Amphibians glands, indicate an ecosystem’s health, and consume

            Amphibians
are a valuable part of the global ecosystem; they contribute medicine with
their poison glands, indicate an ecosystem’s health, and consume detrimental
pests (Zippel, n.d.). However, out of the 5743 known amphibian species, 1856
(32.5%) are globally threatened (Stuart et al., 2004) and the current global
amphibian extinction rate ranges from roughly 25,000 to 45,000 times more than
historical rates (McCallum, 2007). In Yellowstone National Park, McMenanin, Hadly
and Wright (2008) observed that from 1992 to 1993, 43 (93%) of the 46 active
ponds surveyed had an amphibian population, which decreased to 21 (68%) of the
31 active ponds from 2006 to 2007. Around New South Wales,
Australia, researchers found Pseudophryne
pengilleyi was absent, from 2007 to
2010, at 19 (42%) of the 45 local sites that had supported the species from
1997 to 2006 (Scheele, Driscoll, Fischer, & Hunter, 2012). Other studies
found similar declines in Europe; of all 84 native amphibian species, 59% have
declining populations and 25% are considered threatened (Temple & Cox,
2009). Locally, in the Blue Ridge Escarpment of North Carolina, researchers
noticed a 98% decrease in the relative abundance of Aneides aeneus from 1970 to
the 1990s (Corser, 2001). Additionally, a study found that the Ambystoma maculatum egg mass count
decreased by 23.9% from 1988 to 1991 in vernal pools around Richmond, Virginia
(Blem & Blem, 1991).

Researchers have found several factors that
contribute to this global decline. Habitat loss is a major problem for both
global and local amphibian populations. Most amphibians use forested land as a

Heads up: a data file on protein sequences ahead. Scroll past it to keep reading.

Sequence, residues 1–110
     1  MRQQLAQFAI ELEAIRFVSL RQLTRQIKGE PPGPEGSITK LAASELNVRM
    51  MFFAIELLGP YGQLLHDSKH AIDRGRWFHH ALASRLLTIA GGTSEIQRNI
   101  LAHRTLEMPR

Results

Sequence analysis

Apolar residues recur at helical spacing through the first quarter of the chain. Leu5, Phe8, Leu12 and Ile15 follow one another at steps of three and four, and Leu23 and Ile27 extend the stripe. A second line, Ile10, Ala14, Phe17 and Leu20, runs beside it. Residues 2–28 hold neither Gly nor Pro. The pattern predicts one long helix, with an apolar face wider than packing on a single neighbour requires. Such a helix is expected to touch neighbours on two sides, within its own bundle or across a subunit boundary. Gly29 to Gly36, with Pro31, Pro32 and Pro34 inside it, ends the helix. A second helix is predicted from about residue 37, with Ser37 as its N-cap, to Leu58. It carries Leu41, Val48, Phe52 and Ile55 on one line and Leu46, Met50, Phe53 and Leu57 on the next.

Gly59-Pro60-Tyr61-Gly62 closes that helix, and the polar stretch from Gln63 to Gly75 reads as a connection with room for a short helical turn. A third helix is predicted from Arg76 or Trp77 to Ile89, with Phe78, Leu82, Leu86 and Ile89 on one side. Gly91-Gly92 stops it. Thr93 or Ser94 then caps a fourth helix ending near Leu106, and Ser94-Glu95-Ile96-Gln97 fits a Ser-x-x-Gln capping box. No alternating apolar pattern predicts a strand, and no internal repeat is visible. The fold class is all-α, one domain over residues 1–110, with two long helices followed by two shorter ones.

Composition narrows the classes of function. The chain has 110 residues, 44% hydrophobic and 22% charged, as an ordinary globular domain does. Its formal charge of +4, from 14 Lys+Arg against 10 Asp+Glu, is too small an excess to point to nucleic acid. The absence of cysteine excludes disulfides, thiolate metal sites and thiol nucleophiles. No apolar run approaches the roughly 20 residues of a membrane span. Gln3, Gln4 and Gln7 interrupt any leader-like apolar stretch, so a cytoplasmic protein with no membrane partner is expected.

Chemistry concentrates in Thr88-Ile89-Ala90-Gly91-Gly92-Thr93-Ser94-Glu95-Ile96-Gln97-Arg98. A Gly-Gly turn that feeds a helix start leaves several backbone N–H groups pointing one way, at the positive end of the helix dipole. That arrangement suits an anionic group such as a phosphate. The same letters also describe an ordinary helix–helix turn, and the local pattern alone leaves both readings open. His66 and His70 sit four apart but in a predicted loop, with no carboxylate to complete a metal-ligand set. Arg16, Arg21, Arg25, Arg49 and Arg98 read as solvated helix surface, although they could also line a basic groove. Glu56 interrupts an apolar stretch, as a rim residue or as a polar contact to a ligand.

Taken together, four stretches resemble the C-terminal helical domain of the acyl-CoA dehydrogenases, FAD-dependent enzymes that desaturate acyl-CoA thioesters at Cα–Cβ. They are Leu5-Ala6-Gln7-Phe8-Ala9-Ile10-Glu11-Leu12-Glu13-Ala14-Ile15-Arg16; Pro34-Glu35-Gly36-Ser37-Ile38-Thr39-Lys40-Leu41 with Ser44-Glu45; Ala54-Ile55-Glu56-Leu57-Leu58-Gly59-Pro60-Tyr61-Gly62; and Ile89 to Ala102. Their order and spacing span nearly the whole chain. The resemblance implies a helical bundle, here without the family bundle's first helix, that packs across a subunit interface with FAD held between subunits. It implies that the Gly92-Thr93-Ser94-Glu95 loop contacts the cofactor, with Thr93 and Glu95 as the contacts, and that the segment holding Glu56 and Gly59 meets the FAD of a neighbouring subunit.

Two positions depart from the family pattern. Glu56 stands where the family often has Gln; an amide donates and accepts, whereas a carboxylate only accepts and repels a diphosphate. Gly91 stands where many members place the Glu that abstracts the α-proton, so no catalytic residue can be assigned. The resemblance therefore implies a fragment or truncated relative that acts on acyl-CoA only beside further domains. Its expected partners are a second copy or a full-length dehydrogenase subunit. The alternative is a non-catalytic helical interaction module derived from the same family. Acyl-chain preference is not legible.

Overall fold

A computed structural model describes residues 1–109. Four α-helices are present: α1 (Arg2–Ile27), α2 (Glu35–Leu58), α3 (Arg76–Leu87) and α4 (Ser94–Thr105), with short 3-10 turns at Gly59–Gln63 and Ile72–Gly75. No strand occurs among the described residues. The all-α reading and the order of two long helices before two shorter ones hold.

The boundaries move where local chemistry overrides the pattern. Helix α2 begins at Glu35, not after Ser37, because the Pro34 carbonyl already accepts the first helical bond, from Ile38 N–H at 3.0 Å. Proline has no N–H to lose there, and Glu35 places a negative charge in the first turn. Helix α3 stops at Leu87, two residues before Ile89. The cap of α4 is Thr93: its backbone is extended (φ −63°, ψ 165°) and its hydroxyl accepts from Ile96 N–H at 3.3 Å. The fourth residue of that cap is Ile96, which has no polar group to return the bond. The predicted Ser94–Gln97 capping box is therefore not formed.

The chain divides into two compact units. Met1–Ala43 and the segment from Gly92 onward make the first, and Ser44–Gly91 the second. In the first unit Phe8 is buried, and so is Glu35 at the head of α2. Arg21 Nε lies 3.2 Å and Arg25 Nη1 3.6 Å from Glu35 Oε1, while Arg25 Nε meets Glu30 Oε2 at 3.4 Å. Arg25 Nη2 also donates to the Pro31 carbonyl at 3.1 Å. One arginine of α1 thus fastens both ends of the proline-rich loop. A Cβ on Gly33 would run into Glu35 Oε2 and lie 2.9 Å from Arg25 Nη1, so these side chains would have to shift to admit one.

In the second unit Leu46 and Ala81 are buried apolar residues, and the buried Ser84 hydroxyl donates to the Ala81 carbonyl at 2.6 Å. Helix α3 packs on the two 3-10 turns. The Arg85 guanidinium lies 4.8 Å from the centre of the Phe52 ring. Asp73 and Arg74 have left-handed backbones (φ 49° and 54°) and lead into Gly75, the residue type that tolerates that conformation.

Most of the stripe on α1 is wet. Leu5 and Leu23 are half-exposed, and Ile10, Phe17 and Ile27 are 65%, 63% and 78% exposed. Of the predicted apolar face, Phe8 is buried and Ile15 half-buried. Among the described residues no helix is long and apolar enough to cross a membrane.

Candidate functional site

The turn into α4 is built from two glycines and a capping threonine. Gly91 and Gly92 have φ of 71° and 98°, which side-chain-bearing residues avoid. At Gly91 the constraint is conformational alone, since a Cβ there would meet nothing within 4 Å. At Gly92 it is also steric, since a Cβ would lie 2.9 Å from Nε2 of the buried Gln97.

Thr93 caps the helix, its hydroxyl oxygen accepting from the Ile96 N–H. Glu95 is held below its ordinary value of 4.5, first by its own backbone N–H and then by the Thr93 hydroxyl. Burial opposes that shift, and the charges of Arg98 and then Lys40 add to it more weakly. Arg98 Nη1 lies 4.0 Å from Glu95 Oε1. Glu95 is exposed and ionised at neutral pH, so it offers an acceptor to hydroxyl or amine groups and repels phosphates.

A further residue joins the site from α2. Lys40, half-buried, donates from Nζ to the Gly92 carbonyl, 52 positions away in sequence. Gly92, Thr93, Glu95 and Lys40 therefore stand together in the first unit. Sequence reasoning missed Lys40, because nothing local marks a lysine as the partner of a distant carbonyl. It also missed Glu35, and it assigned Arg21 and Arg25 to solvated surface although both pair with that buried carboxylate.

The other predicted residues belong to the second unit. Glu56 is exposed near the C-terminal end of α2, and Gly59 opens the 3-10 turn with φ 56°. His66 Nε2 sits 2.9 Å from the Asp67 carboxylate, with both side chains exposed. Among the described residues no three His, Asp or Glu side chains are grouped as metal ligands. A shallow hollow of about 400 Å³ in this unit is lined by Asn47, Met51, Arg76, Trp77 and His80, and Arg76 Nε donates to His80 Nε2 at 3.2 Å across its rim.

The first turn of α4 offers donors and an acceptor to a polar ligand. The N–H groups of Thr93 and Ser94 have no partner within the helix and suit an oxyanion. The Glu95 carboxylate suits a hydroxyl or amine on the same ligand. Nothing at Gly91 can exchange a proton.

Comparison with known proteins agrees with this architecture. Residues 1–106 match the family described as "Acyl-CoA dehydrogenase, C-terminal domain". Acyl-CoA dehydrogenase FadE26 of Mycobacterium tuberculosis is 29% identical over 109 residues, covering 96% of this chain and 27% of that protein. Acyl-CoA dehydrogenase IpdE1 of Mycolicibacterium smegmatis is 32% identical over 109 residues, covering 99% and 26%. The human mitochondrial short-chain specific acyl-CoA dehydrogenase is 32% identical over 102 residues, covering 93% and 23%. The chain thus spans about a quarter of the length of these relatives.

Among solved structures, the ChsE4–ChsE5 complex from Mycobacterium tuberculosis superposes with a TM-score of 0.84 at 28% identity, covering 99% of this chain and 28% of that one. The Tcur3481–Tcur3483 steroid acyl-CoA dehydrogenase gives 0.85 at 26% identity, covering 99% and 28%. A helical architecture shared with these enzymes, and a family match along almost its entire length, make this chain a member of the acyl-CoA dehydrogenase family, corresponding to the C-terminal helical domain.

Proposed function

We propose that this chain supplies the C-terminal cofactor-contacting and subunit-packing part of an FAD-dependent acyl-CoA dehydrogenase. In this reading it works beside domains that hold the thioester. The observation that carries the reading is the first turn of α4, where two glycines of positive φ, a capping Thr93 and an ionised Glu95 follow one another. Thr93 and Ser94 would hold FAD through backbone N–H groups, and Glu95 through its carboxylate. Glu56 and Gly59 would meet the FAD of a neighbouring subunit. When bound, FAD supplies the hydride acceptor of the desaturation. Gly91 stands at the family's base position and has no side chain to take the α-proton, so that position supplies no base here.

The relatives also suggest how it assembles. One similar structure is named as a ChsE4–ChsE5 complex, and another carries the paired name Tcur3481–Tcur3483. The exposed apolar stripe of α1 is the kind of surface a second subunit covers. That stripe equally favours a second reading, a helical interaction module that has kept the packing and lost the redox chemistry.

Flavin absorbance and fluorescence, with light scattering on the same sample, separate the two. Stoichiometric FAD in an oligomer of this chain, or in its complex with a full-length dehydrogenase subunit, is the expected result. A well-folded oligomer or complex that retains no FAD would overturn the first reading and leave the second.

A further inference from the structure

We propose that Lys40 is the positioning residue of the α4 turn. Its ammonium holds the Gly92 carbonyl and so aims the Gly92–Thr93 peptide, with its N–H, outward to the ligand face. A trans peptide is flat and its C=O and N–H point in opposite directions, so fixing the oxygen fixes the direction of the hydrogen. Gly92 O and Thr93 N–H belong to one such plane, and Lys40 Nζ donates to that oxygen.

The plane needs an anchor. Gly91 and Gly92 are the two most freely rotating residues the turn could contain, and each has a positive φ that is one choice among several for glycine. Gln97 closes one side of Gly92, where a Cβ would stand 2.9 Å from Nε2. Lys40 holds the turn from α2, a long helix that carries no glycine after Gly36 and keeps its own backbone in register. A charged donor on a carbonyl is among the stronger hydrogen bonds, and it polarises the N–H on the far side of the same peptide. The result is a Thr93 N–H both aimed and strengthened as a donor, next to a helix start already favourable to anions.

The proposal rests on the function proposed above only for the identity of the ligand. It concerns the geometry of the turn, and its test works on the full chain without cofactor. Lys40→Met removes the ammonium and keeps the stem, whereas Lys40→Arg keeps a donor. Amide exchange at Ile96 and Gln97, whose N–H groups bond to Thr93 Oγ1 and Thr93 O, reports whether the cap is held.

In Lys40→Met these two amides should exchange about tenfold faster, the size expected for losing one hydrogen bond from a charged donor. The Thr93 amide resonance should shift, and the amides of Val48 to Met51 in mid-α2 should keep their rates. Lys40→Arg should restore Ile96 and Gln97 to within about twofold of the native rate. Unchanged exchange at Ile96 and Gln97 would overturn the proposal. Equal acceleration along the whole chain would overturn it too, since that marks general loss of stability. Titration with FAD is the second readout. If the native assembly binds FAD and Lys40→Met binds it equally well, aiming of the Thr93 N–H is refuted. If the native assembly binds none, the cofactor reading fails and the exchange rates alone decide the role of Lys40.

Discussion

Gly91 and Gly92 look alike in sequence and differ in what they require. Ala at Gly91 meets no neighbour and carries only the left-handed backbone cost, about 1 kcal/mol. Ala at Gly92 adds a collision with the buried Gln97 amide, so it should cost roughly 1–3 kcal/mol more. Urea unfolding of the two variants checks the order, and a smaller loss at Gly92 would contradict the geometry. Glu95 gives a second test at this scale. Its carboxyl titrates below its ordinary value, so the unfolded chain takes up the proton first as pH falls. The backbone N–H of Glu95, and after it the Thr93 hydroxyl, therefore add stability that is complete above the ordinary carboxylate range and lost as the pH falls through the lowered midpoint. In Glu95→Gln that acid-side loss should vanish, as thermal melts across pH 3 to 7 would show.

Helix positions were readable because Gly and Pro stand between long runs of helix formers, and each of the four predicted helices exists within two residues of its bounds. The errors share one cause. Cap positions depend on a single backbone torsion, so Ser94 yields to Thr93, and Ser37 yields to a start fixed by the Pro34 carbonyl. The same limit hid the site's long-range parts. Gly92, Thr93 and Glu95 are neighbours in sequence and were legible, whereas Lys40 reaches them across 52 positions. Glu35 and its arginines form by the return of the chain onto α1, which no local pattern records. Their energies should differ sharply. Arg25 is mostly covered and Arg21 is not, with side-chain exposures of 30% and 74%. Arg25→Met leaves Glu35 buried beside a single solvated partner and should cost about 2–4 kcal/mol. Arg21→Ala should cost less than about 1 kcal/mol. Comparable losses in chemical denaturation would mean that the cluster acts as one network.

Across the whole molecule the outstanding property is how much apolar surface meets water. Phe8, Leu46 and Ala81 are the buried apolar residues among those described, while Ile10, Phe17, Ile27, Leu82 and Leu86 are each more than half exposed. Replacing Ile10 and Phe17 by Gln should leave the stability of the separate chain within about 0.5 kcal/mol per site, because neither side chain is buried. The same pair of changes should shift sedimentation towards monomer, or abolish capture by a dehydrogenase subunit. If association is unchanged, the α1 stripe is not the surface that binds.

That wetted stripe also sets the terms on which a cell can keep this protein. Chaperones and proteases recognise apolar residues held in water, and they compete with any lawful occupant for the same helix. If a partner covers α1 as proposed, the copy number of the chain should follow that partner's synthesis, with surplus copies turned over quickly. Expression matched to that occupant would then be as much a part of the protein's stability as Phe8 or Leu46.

habitat and in Virginia, urbanization has caused the loss of over 500,000 acres
of forested land since 1977 (Sevin & Kloepfer, 2015). In Southeast Asia, if
urbanization continued at its present-day rate 75% of all originally forested
land will disappear by the year 2100,
creating an estimated 42% decrease in biodiversity (Rowley et al., 2010).
Amphibians are also particularly sensitive to anthropogenic pollutants and acidification
due to the permeability of their skin (Quaranta, Bellantuono, Cassano, &
Lippe, 2009; Blaustein & Wake, 1990). In Australia, researchers noticed
that the fungal disease chytridiomycosis contributed to the decline of 43 (18%)
of all 238 native amphibian species and that population stability was mostly
due to certain environmental factors that restricted the disease’s effect
(Scheele et al., 2017). Climate change and higher temperatures also contribute
to amphibian decline; in Yellowstone National Park, declining amphibian
populations correlated with a 4-fold increase in permanently dry pools from
1992 to 2008, a result of decreasing precipitation (McMenanin et al., 2008). In
addition, researchers have observed that the dissolved oxygen concentration of
an amphibian’s habitat is critical to its survival, especially as an embryo
(Seymour, 1995).

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